In terms of health insurance, almost 25% of South African households have at least one member who belongs to a medical aid, only 17% of individuals have medical aid coverage and 90% of households do not belong to a medical aid scheme because they do not have money to pay for it. Only 9% of the African population belong to a medical aid scheme whilst 74% of the white population do. This reflects in the imbalance in terms of life expectancy. A white person born in 2009 expects to live for 71 years, whereas an African born in the same year expects to live for 48 years. This means that white people expect to live 23 years more than Africans. These facts had not changed by 2011.
At an institutional level, we reported that there is a disconnection between national policy and the allocation of resources. Management information systems are insufficient for decision-making, and decision-making powers are generally incorrectly located (a hospital CEO doesn’t meaningfully control staff, budget or procurement). Furthermore, there is under-regulation of the private health sector and over-concentration of resources in the hands of the private healthcare providers.
An important policy development in the health sector is the Department of Health’s 10-Point Plan, which COSATU welcomed and supported. One of our proposals is for government to regulate the private healthcare sector. Government has since moved in this direction to initiate a process to review the fees that are charged in private healthcare facilities and by private healthcare practitioners and has moved to initiate a process to review the pricing of medicines.
The most encouraging part on healthcare is the implementation of the NHI, which is now in a pilot stage.
In conclusion, as a tribute to the work TAC and other NGOs are doing in the struggle to create a better life for our people, I want to quote what I said to the 13th SACP Congress about you:
“The vast majority of organisations that have gained footholds in townships and villages across the country are a reflection of the fact that the neoliberal onslaught has not gone unchallenged. These organisations that are engaged in mass struggles, through marches, on various issues such as unemployment, housing, water, sanitation and education, health, HIV/AIDS, domestic violence including rape cannot be dismissed as imperialist inventions that seek to muscle the ANC government out of power. It is not the Free Market Foundation or AfriForum that are engaged in popular mobilisation around the demands of the Freedom Charter. These organisations that COSATU passionately works with are engaged in popular mobilisation around the demands of the Freedom Charter.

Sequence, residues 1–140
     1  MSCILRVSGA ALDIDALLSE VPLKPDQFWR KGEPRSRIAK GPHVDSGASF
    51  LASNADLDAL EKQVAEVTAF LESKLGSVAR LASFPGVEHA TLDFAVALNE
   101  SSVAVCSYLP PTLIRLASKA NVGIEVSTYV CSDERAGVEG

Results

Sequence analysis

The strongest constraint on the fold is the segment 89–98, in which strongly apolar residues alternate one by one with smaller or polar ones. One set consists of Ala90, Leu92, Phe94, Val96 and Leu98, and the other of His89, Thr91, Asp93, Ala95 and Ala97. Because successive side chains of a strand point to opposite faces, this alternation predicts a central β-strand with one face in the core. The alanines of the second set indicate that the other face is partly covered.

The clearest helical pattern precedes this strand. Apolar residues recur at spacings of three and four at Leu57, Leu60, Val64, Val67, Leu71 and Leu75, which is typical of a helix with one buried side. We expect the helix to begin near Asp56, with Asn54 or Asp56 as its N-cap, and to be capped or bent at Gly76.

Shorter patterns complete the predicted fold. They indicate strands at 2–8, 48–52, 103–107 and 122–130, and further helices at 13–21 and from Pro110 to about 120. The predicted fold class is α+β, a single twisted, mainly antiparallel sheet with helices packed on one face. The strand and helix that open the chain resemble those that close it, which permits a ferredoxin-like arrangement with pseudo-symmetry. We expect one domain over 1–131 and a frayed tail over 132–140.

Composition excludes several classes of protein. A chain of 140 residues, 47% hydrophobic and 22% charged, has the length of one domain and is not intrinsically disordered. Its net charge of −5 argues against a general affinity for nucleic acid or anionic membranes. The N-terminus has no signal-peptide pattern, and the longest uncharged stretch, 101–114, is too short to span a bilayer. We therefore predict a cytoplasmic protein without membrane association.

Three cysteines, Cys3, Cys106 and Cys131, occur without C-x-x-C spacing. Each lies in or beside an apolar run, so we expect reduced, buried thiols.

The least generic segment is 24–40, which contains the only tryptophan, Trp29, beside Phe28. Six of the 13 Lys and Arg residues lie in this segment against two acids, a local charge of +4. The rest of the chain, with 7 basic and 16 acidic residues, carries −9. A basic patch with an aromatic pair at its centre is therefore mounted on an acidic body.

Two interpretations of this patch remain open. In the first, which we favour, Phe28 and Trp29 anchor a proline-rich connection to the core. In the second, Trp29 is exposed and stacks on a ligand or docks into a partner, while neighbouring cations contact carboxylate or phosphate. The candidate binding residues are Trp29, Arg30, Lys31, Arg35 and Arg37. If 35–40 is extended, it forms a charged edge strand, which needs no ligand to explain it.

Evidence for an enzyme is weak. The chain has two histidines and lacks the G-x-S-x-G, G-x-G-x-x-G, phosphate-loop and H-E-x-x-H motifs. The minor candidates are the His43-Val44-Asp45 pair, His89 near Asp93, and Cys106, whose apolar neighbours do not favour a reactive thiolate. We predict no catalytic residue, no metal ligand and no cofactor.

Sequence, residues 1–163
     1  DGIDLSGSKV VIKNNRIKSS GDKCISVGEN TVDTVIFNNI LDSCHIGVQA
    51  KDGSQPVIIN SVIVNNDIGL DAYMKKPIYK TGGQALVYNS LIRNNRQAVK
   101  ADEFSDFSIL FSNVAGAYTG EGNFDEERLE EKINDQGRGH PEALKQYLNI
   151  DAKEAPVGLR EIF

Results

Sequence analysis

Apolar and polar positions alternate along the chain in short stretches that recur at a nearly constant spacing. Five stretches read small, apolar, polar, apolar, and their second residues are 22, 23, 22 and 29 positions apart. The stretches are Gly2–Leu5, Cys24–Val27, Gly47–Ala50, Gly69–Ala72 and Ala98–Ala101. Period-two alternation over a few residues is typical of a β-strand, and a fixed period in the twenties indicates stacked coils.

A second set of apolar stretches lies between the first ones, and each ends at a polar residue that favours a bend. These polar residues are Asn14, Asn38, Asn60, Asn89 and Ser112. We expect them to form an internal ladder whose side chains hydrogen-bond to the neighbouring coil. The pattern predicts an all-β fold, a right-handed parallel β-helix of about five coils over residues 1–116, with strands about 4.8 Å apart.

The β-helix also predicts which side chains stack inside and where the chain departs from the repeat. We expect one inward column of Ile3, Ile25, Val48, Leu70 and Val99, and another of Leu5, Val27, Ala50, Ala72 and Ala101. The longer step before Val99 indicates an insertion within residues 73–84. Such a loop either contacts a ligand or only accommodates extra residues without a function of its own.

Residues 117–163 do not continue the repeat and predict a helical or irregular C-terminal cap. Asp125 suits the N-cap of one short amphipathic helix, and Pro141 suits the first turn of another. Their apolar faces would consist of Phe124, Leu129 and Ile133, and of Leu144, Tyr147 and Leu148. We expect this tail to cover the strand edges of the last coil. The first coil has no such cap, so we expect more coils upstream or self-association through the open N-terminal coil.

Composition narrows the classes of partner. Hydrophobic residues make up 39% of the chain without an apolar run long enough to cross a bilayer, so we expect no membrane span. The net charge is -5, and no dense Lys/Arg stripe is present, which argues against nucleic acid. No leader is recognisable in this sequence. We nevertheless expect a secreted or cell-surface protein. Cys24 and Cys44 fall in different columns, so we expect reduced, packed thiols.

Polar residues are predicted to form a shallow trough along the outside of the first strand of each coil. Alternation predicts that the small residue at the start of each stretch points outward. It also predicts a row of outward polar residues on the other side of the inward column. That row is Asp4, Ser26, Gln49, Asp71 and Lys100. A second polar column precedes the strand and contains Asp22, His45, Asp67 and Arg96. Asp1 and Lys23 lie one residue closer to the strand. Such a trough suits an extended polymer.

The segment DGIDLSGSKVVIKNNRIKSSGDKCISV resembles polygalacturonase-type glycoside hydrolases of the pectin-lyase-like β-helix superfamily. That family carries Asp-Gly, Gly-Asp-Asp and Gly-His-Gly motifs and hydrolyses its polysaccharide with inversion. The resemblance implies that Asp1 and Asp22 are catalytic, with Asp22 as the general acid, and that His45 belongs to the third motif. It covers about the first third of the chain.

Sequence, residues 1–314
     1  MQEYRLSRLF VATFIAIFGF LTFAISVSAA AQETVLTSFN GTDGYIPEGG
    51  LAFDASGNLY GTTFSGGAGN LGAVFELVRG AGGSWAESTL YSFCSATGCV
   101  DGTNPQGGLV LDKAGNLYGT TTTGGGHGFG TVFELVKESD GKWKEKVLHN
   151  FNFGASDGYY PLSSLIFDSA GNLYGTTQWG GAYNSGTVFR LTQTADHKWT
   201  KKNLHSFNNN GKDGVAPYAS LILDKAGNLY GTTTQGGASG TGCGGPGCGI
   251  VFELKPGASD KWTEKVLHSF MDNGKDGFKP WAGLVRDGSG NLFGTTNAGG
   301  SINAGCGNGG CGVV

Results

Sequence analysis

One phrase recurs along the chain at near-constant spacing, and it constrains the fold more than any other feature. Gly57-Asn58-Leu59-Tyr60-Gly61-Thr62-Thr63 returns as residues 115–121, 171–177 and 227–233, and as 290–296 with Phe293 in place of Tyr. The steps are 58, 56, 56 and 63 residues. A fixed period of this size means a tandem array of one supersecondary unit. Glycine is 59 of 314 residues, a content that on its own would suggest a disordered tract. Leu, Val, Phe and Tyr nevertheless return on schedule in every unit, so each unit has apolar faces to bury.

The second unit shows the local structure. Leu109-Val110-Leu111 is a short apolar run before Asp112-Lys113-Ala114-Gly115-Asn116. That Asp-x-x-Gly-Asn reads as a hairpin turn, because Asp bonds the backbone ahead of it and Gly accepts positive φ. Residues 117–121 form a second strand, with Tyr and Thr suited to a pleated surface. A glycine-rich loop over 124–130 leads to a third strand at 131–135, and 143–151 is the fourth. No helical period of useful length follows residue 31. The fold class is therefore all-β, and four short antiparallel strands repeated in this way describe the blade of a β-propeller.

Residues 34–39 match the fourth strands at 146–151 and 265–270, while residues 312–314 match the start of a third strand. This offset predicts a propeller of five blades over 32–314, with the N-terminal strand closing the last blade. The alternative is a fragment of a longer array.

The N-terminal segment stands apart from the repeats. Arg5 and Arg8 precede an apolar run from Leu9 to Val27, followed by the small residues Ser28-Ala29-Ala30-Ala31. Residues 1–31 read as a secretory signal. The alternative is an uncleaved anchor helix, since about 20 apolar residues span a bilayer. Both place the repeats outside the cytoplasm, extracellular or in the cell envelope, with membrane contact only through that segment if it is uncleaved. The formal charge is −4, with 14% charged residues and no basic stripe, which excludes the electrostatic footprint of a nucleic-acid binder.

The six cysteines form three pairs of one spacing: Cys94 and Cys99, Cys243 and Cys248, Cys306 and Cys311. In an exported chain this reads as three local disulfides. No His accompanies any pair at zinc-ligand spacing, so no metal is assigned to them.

“These are organisations that challenge the state’s blatant and murderous refusal to grant people living with AIDS the crucial treatment to prolong their lives. These are organisations that recently exposed a calamity where our children in Limpopo had no textbooks for six months. Many of these movements are soundboards for the working class’ frustrations with a commodified citizenship where access to basic needs is meditated through the market and money. Many of these organisations constitute bulwarks against state privatisation in the fields of education, health and education. Many are also symbol of the disenchantment of the poor and their patience with a slim state, which allows capital to trample on their chests without any genuine intervention. Many of these organisations are not in a war to save a minority from what liberals call a Tyranny of the Majority; they are instead in battlefields to annihilate the Tyranny of the Market”.
I wish you a fruitful congress.